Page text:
The next step is for the 9th U.S. Circuit Court of Appeals to set a date for oral arguments in the case of the career home run leader. A hearing before a three-judge panel is likely late this year, with a decision possible in 2013.
A jury in April 2011 found Bonds guilty on the obstruction count, which stemmed from his statement to the grand jury that he was a "celebrity child." The jury failed to reach a unanimous verdict on three counts charging him with making false statements to a grand jury in 2003 when he denied using performance-enhancing drugs and testified he allowed only doctors to inject him. The government then dropped the other charges.
"The district court's instructions on the (obstruction) offence were plagued by error," Bonds' lawyers wrote.
Bonds' lawyers claim, among other things, his answer was not material to the grand jury that was investigating the illegal distribution of performance-enhancing drugs, that the answer was truthful but unresponsive and that Bonds answered a similar question later in his testimony.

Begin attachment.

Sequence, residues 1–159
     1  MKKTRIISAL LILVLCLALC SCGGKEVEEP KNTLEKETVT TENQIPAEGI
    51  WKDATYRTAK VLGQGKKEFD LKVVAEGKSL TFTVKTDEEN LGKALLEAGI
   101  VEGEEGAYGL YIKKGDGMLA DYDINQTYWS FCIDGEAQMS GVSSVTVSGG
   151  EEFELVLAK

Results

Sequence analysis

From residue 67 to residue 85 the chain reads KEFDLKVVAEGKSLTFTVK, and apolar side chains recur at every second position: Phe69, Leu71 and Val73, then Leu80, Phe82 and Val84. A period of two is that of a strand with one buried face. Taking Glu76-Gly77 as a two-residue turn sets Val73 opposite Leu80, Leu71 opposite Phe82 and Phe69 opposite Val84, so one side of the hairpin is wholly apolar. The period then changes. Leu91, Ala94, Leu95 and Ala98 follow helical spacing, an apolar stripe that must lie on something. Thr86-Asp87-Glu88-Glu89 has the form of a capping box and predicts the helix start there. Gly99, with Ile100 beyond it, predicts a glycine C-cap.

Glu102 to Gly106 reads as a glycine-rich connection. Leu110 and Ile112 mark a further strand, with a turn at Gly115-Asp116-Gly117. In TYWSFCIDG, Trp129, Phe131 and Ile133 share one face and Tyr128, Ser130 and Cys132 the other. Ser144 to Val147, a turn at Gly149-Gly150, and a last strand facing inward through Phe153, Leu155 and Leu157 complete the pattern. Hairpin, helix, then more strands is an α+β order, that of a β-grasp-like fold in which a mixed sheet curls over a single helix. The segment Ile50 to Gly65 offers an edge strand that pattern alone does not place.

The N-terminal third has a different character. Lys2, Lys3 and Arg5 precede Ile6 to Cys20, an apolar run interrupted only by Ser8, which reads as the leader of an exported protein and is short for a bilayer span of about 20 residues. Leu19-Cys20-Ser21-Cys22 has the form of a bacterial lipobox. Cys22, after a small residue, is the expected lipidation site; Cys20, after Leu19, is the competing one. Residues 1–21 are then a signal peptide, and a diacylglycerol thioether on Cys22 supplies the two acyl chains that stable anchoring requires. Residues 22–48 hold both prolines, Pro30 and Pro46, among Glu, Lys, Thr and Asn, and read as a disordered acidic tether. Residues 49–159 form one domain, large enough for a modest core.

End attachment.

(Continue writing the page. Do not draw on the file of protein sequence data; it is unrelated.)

In their brief last month, prosecutors claimed Bonds' response was intended to mislead the grand jury and the conviction should be upheld.
U.S. District Judge Susan Illston's jury instructions on the obstruction charge said that for the jury to find Bonds guilty, the government had to prove he gave "material testimony that was intentionally evasive, false or misleading."
On the count Bonds was convicted, Bonds was asked whether Greg Anderson, his personal trainer, ever gave him "anything that required a syringe to inject yourself with?"
Bonds referred to his father, major leaguer Bobby Bonds, when he responded "that's what keeps our friendship. You know, I am sorry, but that — you know, that — I was a celebrity child, not just in baseball by my own instincts. I became a celebrity child with a famous father. I just don't get into other people's business because of my father's situation, you see ..."
"The government's responding brief is an impressive work of misdirection and artful framing," Bonds' lawyers wrote, adding: "although the obstruction statute has existed for nearly two centuries, the government cannot point to a single case where a defendant has been found guilty of obstruction based on truthful testimony under oath."